… Read the rest “Close inbreeding and low genetic diversity in Inner Asian human populations despite geographical exogamy”
Open access study Cultural hitchhiking and competition between patrilineal kin groups explain the post-Neolithic Y-chromosome bottleneck, by Zeng, Aw, and Feldman, Nature Communications (2018).
Abstract (emphasis mine):
In human populations, changes in genetic variation are driven not only by genetic processes, but can also arise from cultural or social changes. An abrupt population bottleneck specific to human males has been inferred across several Old World (Africa, Europe, Asia) populations 5000–7000 BP. Here, bringing together anthropological theory, recent population genomic studies and mathematical models, we propose a sociocultural hypothesis, involving the formation of patrilineal kin groups and intergroup competition among
… Read the rest “Post-Neolithic Y-chromosome bottleneck explained by cultural hitchhiking and competition between patrilineal clans”
Interesting excerpts about local Hungarian groups that had close contacts with Yamna settlers in the Carpathian Basin, from the paper Immigration and transhumance in the Early Bronze Age Carpathian Basin: the occupants of a kurgan, by Gerling, Bánffy, Dani, Köhler, Kulcsár, Pike, Szeverényi & Heyd, Antiquity (2012) 86(334):1097-1111.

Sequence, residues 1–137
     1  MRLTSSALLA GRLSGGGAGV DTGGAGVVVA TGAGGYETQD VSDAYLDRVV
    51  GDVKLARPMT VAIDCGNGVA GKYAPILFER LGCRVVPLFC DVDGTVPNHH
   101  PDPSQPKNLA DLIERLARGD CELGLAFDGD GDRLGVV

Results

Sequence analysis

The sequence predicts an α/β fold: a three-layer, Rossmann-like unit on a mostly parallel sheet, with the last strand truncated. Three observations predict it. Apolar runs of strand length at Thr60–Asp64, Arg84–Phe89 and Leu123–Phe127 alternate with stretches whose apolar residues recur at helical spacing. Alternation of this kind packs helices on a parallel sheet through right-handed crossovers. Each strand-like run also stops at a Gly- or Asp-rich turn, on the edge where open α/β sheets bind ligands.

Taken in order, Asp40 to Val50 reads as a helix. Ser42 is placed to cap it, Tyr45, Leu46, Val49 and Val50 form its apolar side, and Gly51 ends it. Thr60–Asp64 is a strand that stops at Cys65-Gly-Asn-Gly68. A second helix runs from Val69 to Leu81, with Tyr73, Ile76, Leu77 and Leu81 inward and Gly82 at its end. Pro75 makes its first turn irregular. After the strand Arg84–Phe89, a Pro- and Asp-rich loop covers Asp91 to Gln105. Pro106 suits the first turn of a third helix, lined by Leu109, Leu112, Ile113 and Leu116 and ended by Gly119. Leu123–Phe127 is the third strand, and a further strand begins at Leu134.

The most interesting of the local people is the occupant of grave 12, which is the earliest grave in the kurgan and the main statistical range of its radiocarbon date clearly predates the arrival of the western Yamnaya groups c. 3000 BC. This is also confirmed by the burial rite,
… Read the rest “Immigration and transhumance in the Early Bronze Age Carpathian Basin”
New preprint at BioRxiv, MITOMIX, an Algorithm to Reconstruct Population Admixture Histories Indicates Ancient European Ancestry of Modern Hungarians, by Maroti et al. (2018).
Abstract (emphasis mine)
By making use of the increasing number of available mitogenomes we propose a novel population genetic distance metric, named Shared Haplogroup Distance (SHD). Unlike FST, SHD is a true mathematical distance that complies with all metric axioms, which enables our new algorithm (MITOMIX) to detect population-level admixture based on SHD minimum optimization. In order to demonstrate the effectiveness of our methodology we analyzed the relation of 62 modern and 25 ancient Eurasian
… Read the rest “Modern Hungarian mtDNA more similar to ancient Europeans than to Hungarian conquerors”
New article at PLOS One, Ancient mitogenomes of Phoenicians from Sardinia and Lebanon: A story of settlement, integration, and female mobility, by Matisoo-Smith et al. (2018).
The Phoenicians emerged in the Northern Levant around 1800 BCE and by the 9th century BCE had spread their culture across the Mediterranean Basin, establishing trading posts, and settlements in various European Mediterranean and North African locations. Despite their widespread influence, what is known of the Phoenicians comes from what was written about them by the Greeks and Egyptians. In this study, we investigate the extent of Phoenician integration with the Sardinian
… Read the rest “Ancient Phoenician mtDNA from Sardinia, Lebanon reflects settlement, genetic diversity, and female mobility”